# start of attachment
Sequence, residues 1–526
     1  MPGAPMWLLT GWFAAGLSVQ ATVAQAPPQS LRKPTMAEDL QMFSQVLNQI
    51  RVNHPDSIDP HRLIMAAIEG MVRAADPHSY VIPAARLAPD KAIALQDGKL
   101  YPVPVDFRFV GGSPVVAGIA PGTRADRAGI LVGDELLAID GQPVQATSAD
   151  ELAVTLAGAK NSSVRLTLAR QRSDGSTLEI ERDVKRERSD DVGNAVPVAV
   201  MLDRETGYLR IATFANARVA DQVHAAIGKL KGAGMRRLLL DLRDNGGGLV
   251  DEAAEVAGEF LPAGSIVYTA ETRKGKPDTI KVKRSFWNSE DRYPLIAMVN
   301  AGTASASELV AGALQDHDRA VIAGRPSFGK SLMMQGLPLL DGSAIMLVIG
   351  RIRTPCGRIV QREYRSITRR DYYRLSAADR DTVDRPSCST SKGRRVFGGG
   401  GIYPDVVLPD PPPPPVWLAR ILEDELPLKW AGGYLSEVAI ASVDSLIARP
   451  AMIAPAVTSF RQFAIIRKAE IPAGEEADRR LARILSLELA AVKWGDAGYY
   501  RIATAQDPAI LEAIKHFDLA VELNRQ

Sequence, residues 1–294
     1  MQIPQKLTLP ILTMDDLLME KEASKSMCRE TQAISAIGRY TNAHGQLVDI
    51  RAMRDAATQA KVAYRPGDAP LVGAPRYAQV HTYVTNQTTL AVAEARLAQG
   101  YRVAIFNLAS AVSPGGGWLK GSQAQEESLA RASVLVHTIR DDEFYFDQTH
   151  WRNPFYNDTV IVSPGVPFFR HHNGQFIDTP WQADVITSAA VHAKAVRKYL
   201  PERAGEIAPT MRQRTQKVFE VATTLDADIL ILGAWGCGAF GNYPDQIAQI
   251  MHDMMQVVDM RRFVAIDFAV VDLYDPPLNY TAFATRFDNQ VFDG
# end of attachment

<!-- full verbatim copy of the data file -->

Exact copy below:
Sequence, residues 1–526
     1  MPGAPMWLLT GWFAAGLSVQ ATVAQAPPQS LRKPTMAEDL QMFSQVLNQI
    51  RVNHPDSIDP HRLIMAAIEG MVRAADPHSY VIPAARLAPD KAIALQDGKL
   101  YPVPVDFRFV GGSPVVAGIA PGTRADRAGI LVGDELLAID GQPVQATSAD
   151  ELAVTLAGAK NSSVRLTLAR QRSDGSTLEI ERDVKRERSD DVGNAVPVAV
   201  MLDRETGYLR IATFANARVA DQVHAAIGKL KGAGMRRLLL DLRDNGGGLV
   251  DEAAEVAGEF LPAGSIVYTA ETRKGKPDTI KVKRSFWNSE DRYPLIAMVN
   301  AGTASASELV AGALQDHDRA VIAGRPSFGK SLMMQGLPLL DGSAIMLVIG
   351  RIRTPCGRIV QREYRSITRR DYYRLSAADR DTVDRPSCST SKGRRVFGGG
   401  GIYPDVVLPD PPPPPVWLAR ILEDELPLKW AGGYLSEVAI ASVDSLIARP
   451  AMIAPAVTSF RQFAIIRKAE IPAGEEADRR LARILSLELA AVKWGDAGYY
   501  RIATAQDPAI LEAIKHFDLA VELNRQ

Sequence, residues 1–294
     1  MQIPQKLTLP ILTMDDLLME KEASKSMCRE TQAISAIGRY TNAHGQLVDI
    51  RAMRDAATQA KVAYRPGDAP LVGAPRYAQV HTYVTNQTTL AVAEARLAQG
   101  YRVAIFNLAS AVSPGGGWLK GSQAQEESLA RASVLVHTIR DDEFYFDQTH
   151  WRNPFYNDTV IVSPGVPFFR HHNGQFIDTP WQADVITSAA VHAKAVRKYL
   201  PERAGEIAPT MRQRTQKVFE VATTLDADIL ILGAWGCGAF GNYPDQIAQI
   251  MHDMMQVVDM RRFVAIDFAV VDLYDPPLNY TAFATRFDNQ VFDG